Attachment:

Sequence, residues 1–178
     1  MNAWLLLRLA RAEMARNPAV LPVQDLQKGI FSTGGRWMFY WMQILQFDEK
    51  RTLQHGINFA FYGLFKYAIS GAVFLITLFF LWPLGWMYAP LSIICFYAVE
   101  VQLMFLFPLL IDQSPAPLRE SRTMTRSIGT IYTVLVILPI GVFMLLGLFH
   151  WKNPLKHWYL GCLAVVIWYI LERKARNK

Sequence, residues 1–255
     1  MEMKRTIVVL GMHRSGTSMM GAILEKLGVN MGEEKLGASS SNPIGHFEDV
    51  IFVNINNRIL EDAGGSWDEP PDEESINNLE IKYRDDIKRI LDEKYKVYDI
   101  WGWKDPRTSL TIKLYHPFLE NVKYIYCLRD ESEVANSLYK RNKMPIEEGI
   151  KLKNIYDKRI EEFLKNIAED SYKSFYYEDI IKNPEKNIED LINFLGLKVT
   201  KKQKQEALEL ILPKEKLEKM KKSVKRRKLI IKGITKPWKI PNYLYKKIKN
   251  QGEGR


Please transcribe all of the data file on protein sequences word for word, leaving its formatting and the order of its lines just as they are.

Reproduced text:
Sequence, residues 1–178
     1  MNAWLLLRLA RAEMARNPAV LPVQDLQKGI FSTGGRWMFY WMQILQFDEK
    51  RTLQHGINFA FYGLFKYAIS GAVFLITLFF LWPLGWMYAP LSIICFYAVE
   101  VQLMFLFPLL IDQSPAPLRE SRTMTRSIGT IYTVLVILPI GVFMLLGLFH
   151  WKNPLKHWYL GCLAVVIWYI LERKARNK

Sequence, residues 1–255
     1  MEMKRTIVVL GMHRSGTSMM GAILEKLGVN MGEEKLGASS SNPIGHFEDV
    51  IFVNINNRIL EDAGGSWDEP PDEESINNLE IKYRDDIKRI LDEKYKVYDI
   101  WGWKDPRTSL TIKLYHPFLE NVKYIYCLRD ESEVANSLYK RNKMPIEEGI
   151  KLKNIYDKRI EEFLKNIAED SYKSFYYEDI IKNPEKNIED LINFLGLKVT
   201  KKQKQEALEL ILPKEKLEKM KKSVKRRKLI IKGITKPWKI PNYLYKKIKN
   251  QGEGR